Kaizen: A Process for Continuous Improvement
Published By Todd Lucier on December 12th, 2017 in Compass Connections
The Kaizen of breaking down a question worth discussing
At Northern Edge Algonquin we strive for continuously improving our processes and our products and experiences. A good place to start a process of continuous improvement is to ask good questions.
If you take the time to ask a really really good question, you’ll set yourself up to get some really good answers.
The process of Kaizen, or continuous improvement is a simple one. We find a key principle is that we are not seeking the final solution in our meetings, but rather, ideas to ‘test’. Testing an idea is a safe way to explore new processes, without a permanent commitment. The key is to test an idea only for as long as necessary before making adjustments that are required to get an even better result.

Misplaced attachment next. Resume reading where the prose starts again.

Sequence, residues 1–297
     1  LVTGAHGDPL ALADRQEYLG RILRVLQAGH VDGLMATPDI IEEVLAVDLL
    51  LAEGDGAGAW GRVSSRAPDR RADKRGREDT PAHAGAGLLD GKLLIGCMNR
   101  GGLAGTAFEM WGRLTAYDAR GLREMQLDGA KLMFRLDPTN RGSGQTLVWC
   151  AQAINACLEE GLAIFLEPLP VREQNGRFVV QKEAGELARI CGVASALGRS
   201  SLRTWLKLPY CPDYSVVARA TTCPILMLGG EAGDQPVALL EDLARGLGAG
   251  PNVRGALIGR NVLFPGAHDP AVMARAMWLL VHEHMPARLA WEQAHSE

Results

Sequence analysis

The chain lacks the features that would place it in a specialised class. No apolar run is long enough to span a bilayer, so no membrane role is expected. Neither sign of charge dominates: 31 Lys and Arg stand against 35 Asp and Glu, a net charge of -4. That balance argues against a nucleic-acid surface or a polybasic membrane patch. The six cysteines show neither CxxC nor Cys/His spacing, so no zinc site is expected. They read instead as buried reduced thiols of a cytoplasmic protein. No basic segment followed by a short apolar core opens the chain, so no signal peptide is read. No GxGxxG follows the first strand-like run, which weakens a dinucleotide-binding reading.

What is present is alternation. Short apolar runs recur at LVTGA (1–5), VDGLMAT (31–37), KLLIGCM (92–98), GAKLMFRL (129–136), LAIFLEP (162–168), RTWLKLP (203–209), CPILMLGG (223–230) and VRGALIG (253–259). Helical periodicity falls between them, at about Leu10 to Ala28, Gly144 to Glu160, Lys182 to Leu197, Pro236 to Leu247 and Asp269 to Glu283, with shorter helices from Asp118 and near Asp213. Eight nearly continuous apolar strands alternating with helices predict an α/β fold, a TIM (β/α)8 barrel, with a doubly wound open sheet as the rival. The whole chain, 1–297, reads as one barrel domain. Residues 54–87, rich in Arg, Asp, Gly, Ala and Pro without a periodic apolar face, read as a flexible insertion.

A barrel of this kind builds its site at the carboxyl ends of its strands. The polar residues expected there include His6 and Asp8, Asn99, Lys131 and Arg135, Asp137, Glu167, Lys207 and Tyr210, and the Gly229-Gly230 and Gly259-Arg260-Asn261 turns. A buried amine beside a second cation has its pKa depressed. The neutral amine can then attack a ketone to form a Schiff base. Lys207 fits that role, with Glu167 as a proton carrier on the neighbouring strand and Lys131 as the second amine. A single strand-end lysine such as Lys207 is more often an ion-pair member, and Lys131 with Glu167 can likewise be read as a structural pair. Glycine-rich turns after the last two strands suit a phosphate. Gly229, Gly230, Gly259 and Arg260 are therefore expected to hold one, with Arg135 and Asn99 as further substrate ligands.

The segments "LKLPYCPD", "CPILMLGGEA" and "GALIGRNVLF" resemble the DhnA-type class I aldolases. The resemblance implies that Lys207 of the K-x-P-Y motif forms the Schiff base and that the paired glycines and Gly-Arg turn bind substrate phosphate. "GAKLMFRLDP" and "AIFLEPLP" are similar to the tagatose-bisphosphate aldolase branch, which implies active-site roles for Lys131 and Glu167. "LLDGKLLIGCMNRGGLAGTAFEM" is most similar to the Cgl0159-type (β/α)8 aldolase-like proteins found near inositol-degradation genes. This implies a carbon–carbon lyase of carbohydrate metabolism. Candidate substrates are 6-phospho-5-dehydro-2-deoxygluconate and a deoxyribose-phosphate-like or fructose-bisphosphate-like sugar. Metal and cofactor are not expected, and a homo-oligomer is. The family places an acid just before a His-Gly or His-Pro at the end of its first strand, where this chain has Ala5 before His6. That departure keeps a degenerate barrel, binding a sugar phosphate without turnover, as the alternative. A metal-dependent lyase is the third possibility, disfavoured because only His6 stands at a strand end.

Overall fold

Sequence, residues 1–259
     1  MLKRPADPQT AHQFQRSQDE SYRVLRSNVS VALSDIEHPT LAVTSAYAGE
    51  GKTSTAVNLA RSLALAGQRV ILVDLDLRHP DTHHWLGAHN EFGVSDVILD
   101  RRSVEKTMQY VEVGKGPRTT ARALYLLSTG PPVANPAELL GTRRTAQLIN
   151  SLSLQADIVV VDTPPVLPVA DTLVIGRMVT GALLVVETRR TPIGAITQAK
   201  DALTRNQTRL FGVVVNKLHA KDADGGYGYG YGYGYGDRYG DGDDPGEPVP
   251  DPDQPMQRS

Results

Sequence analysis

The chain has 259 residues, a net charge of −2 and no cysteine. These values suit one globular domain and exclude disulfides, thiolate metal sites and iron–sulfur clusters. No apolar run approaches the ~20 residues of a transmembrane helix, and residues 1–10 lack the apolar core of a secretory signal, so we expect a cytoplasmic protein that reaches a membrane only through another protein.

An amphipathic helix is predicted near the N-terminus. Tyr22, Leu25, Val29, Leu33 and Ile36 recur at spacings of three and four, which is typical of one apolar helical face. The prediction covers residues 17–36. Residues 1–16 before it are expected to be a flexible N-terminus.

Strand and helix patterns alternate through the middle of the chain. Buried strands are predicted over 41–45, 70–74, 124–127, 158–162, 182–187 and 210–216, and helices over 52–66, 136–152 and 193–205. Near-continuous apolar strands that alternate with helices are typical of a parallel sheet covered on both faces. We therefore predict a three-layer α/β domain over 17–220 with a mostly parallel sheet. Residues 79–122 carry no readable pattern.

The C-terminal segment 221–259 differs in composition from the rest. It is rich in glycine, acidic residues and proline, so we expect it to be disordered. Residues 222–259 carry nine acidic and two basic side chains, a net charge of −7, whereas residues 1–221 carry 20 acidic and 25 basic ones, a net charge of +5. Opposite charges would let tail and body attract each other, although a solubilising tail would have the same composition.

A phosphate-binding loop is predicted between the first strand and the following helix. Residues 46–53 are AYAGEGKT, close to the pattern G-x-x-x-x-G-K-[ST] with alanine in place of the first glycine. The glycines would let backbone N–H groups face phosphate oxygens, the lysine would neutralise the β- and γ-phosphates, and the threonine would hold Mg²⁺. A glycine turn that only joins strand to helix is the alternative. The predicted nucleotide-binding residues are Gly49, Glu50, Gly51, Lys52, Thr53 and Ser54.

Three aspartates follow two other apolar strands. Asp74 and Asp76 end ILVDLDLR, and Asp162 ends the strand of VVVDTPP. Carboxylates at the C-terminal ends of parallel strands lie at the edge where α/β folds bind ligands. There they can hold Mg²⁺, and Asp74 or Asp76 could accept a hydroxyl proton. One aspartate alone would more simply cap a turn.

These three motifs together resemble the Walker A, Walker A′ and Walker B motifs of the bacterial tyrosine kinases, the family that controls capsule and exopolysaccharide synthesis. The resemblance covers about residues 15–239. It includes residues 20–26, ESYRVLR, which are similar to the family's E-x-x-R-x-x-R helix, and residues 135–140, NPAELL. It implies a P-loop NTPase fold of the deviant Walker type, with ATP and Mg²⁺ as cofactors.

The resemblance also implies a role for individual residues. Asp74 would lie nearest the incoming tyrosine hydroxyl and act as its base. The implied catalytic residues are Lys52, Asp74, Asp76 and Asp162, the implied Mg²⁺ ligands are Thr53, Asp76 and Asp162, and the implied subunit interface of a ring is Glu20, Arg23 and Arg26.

If a test isn’t working. Stop the test and try a different test solution.
- Identify the purpose or key question. It might begin with, “I wonder . . . “ Discuss the ideal answer to the question. Identify the principles and priorities.
- Identify current state and underlying truths (Are they assumptions or truths?) Discuss current practices as they relate to the topic. Where do current practices fall short of the ideal outcomes?
- Identify actions that could bring the current state to the ideal identified in #1 in an improved process.
- Decide which action(s) to test. Commit to a practical way to test one or more actions.
- Evaluate. Refine.
At subsequent meetings, before entertaining a new question:
- Report on the actions that were tested in response to the previous question.
- Adjust your action based on what you are learning. Change it. Stop it. or Try something else.
- Identify a new topic, purpose or question to be discussed. Repeat above.
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